Baroness Jay of Paddington: London does face significant and complex mental health problems and that is why all London health authorities have received real terms increases in their allocations for 1997-98 and will also receive real terms increases for 1998-99. Targeted mental health funds amounting to £16 million through the Mental Health Challenge Fund, the Emergency Pressures Fund and the mentally Disordered Offenders Strategic Assistance Fund have also been received by London health authorities.

Lord Rowallan asked Her Majesty's Government:

    How many psychiatrists there are in the United Kingdom dealing with the mentally-ill full time.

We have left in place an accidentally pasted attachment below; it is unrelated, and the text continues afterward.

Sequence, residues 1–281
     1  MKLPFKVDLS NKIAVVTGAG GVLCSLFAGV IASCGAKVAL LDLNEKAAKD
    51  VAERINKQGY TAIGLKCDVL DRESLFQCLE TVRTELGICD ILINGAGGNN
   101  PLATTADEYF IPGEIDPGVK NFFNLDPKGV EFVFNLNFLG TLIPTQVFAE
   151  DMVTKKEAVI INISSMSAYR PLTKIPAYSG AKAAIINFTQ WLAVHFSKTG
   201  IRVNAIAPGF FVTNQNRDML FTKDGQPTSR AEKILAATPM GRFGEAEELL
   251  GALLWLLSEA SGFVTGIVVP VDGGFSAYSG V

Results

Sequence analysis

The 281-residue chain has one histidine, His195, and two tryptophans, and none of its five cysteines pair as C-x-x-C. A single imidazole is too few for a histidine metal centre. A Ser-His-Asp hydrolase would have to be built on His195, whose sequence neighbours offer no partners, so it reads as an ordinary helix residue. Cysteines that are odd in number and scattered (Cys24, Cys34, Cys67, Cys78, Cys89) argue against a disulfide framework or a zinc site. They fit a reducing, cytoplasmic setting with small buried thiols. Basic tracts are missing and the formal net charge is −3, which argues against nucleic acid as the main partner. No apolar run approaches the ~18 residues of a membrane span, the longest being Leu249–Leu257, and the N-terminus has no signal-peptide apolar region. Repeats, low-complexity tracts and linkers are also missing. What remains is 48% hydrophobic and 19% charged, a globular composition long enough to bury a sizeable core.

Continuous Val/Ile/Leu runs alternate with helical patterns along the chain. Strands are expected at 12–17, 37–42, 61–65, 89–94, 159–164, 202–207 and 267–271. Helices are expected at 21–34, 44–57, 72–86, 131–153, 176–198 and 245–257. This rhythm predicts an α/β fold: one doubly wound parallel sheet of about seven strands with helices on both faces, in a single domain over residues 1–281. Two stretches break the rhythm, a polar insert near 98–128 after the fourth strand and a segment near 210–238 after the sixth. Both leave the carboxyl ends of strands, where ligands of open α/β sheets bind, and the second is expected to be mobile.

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Baroness Jay of Paddington: There were 7,520 psychiatrists in Great Britain on 30 September 1996 (the whole time equivalent figure was 6,130), of whom 5,130 worked full time.


    Figures are rounded to the nearest 10.


    Information for Northern Ireland will not be available until December.


    Source: the Medical and Dental Workforce Census 30 September 1996.

Lord Rowallan asked Her Majesty's Government:

    How many mentally-ill people there are; how many beds in secure places there are for them; and how many beds in hospitals or other insecure places there are, in each case specifying the figures for England, Wales, Scotland and Northern Ireland.